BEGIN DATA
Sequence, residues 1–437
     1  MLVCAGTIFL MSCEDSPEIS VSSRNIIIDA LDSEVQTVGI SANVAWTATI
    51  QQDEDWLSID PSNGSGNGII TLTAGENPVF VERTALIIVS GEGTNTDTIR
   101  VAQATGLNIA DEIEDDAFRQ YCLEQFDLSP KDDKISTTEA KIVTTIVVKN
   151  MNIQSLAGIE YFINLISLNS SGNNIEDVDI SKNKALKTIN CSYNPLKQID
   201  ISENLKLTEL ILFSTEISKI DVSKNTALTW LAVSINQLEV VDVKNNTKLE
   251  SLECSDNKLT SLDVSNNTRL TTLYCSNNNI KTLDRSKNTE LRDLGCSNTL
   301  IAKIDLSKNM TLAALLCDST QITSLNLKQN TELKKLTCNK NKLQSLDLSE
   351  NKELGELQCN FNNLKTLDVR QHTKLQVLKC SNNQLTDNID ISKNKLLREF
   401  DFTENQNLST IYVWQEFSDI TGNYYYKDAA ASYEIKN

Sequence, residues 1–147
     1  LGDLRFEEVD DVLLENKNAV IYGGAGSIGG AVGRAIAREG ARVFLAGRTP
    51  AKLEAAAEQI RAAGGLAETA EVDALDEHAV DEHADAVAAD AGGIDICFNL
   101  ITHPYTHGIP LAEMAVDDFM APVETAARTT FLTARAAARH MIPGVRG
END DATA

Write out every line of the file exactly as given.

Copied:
Sequence, residues 1–437
     1  MLVCAGTIFL MSCEDSPEIS VSSRNIIIDA LDSEVQTVGI SANVAWTATI
    51  QQDEDWLSID PSNGSGNGII TLTAGENPVF VERTALIIVS GEGTNTDTIR
   101  VAQATGLNIA DEIEDDAFRQ YCLEQFDLSP KDDKISTTEA KIVTTIVVKN
   151  MNIQSLAGIE YFINLISLNS SGNNIEDVDI SKNKALKTIN CSYNPLKQID
   201  ISENLKLTEL ILFSTEISKI DVSKNTALTW LAVSINQLEV VDVKNNTKLE
   251  SLECSDNKLT SLDVSNNTRL TTLYCSNNNI KTLDRSKNTE LRDLGCSNTL
   301  IAKIDLSKNM TLAALLCDST QITSLNLKQN TELKKLTCNK NKLQSLDLSE
   351  NKELGELQCN FNNLKTLDVR QHTKLQVLKC SNNQLTDNID ISKNKLLREF
   401  DFTENQNLST IYVWQEFSDI TGNYYYKDAA ASYEIKN

Sequence, residues 1–147
     1  LGDLRFEEVD DVLLENKNAV IYGGAGSIGG AVGRAIAREG ARVFLAGRTP
    51  AKLEAAAEQI RAAGGLAETA EVDALDEHAV DEHADAVAAD AGGIDICFNL
   101  ITHPYTHGIP LAEMAVDDFM APVETAARTT FLTARAAARH MIPGVRG